Farewell Sleater-Kinney

These days, as commercial rock n’ roll speeds head-on into the dumpster, it’s hard to imagine getting upset about some rock band splitting up. Certainly there are plenty of moments when I think more wannabe Joey Ramones should unplug their guitars and call it quits — vowing never to play a strident out of tune chord again. That’s why I’m shocked to say that when Portland, Oregon based trio Sleater-Kinney announced last week that they were taking an “indefinite hiatus”, I was crushed.

I remember daydreaming in the back of a friend’s truck after taking a few pulls off a stale joint when I first heard the sweet angst and guitars of Sleater-Kinney. It was 1996 and their second album Call the Doctor had just been released. My friend, who was in college out in Seattle, had picked it up right before heading back to Montana for summer break. I ended up stealing the CD later that night with no intention of returning it. I was hooked and have been ever since.

Rock critics are quick to remind us that the members of Sleater-Kinney are all female. Which, for the sake of argument, couldn’t be less important. Their music should stand alone. Secondly, most reviewers won’t even touch bands like S-K. They are too edgy, too indy, too influential. And that is pretty much why rock critics suck.

Over the years, since my first Sleater-Kinney indulgence, I have grown to love their politics as much as their music. Sure, I could pine on about Carrie’s searing SG, Janet’s pulsating drum kit and Corin’s shattering vocals. Or how they outgrew their Grrl Rock roots to evolve into one of the great bands of my generation — but I’d rather talk about what S-K stood for and more notably, what they stood against.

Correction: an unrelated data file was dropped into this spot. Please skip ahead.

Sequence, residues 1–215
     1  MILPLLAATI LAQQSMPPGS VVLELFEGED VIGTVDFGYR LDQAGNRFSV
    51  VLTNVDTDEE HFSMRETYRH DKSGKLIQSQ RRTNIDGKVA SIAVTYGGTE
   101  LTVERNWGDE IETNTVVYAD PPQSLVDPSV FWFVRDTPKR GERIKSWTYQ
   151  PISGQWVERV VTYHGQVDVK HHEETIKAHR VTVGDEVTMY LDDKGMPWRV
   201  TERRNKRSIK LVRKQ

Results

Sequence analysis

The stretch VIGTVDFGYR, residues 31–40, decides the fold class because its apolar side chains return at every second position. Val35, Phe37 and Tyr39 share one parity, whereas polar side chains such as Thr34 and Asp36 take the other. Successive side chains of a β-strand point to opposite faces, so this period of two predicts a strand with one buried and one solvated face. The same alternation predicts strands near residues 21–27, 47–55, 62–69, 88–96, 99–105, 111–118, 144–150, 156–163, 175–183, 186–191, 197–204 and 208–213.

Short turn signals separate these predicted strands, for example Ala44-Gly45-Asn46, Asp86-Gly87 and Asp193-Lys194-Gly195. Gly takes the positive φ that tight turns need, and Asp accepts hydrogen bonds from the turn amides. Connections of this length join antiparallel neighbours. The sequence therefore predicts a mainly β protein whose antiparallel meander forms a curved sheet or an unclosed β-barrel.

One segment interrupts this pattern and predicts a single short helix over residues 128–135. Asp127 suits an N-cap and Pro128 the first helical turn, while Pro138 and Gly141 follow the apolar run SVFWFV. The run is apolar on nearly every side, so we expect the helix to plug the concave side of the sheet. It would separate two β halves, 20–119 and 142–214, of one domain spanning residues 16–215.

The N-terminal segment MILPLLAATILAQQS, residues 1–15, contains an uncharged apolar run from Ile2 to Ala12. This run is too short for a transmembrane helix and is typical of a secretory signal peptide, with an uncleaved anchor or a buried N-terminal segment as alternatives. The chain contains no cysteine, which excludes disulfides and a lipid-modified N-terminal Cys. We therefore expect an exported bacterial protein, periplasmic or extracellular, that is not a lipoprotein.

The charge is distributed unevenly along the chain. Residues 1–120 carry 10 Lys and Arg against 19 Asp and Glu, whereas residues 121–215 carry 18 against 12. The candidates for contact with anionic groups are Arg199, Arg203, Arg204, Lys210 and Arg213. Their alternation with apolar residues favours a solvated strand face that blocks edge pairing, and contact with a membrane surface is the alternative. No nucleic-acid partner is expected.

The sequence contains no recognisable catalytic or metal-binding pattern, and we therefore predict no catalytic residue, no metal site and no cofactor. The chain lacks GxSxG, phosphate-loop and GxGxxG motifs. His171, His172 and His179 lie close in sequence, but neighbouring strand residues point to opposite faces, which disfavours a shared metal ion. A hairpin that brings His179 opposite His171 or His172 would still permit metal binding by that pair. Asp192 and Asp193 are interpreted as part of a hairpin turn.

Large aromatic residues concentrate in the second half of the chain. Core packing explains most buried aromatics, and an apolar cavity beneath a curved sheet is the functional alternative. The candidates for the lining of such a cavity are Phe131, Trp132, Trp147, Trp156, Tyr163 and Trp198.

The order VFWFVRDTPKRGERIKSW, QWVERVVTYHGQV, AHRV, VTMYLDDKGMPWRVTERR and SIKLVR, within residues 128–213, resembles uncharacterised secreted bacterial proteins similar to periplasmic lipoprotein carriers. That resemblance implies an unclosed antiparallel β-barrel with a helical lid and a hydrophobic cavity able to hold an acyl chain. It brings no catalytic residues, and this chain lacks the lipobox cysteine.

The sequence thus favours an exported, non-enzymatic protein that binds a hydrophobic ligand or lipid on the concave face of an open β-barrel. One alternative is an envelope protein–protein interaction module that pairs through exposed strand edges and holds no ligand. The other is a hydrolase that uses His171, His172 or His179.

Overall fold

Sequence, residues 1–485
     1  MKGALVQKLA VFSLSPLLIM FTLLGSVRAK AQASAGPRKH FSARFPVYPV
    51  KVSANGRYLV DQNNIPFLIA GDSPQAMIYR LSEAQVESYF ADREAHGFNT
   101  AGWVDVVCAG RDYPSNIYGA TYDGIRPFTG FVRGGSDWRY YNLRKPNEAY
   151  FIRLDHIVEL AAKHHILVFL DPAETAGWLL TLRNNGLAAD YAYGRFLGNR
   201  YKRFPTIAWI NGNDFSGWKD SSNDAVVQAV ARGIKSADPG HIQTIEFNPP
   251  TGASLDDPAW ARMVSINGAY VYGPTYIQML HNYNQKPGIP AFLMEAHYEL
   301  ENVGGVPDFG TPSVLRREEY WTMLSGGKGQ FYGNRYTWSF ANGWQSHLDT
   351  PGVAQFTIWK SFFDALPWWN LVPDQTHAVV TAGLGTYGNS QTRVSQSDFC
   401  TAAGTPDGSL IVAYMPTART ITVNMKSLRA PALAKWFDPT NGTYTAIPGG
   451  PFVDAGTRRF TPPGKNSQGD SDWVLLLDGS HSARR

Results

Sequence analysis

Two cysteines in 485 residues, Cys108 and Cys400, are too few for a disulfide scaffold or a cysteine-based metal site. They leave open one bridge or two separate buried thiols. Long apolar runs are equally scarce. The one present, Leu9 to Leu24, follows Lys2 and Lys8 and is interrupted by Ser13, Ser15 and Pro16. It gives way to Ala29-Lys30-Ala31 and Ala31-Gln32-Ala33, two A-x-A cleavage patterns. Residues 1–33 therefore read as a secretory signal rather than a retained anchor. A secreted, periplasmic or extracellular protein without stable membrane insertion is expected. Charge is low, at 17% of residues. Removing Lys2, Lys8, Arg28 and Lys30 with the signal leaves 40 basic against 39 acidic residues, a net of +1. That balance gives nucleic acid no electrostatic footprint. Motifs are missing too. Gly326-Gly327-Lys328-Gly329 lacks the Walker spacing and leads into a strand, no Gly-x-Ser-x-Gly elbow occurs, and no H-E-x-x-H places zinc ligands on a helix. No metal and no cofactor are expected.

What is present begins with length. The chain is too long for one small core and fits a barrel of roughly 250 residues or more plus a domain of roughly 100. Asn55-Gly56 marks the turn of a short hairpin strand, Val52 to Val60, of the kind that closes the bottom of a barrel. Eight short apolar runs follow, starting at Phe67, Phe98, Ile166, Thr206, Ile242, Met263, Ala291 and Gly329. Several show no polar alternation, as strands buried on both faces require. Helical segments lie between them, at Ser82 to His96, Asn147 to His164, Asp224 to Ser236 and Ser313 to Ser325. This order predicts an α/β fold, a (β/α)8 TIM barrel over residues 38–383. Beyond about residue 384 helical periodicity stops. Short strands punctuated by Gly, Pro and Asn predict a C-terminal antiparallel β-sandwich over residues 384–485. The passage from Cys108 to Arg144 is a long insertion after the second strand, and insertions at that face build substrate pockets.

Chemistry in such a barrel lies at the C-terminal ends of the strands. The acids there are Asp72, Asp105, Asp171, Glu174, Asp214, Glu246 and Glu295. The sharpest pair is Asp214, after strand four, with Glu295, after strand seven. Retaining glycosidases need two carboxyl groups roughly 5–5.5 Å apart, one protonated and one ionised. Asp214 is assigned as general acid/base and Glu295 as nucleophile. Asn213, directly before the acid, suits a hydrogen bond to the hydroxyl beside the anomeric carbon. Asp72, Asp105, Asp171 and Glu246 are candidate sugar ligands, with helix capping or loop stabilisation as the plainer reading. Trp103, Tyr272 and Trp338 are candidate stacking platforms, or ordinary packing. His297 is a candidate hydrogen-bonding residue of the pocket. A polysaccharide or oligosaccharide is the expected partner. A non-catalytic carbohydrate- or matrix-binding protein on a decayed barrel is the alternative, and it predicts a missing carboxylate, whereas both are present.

In a November, 2002 interview, shortly after the band had released their sixth album One Beat, lead vocalist Corin Tucker summed it up for me. “Rock musicians can provide social and political critique that can stimulate people,” she said. “A big inspiration for us was the Clash’s album, Combat Rock, which was written in the ultraconservative Thatcher era I don’t know why there aren’t more artists writing about the pending war or the government,” said Tucker. “I guess protest songs are sort of uncool these days.”

Fortunately, One Beat was loaded with dissent. During the build up to Bush’s war and in the wake of 9-11, most rockers were on the sidelines, either waving flags or waiting for the dust to settle. But not Sleater-Kinney. They screamed and rocked against the invasion of Iraq and the incursions on our civil liberties. They performed at numerous rallies and let the anger and uncertainty of our political climate reverberate throughout their lyrics and scolding riffs.

On a song titled “Combat Rock” off of One Beat, Carrie Brownstein sang, “We’ll come with our fists raised, the good old boys are back on top again, and if we let them lead us blindly, the past becomes the future once again.”

With One Beat, Corin Tucker, Carrie Brownstein and Janet Weiss proved that together they were one of the most important and inspired rock bands in the United States.

It is not just US imperialism Sleater-Kinney had a problem with, but the way the corporate music industry trampled creativity while simultaneously elevating megastars like Britney Spears and Bono.

In an interview published in Magnet Magazine, shortly after the release of their seventh and most powerful album The Woods, the band announced why they would never allow any of their songs to be used in an iPod commercial. As drummer Janet Weiss put it, “I think commercials ruin songs [I]t’s hard for me to imagine putting one of my songs that I put my heart and soul into a TV ad To me, it’s not even about the product. It’s about the song: what it does to your song, what context it puts your song into and what imagery it attaches to your song. The imagery of buying something.”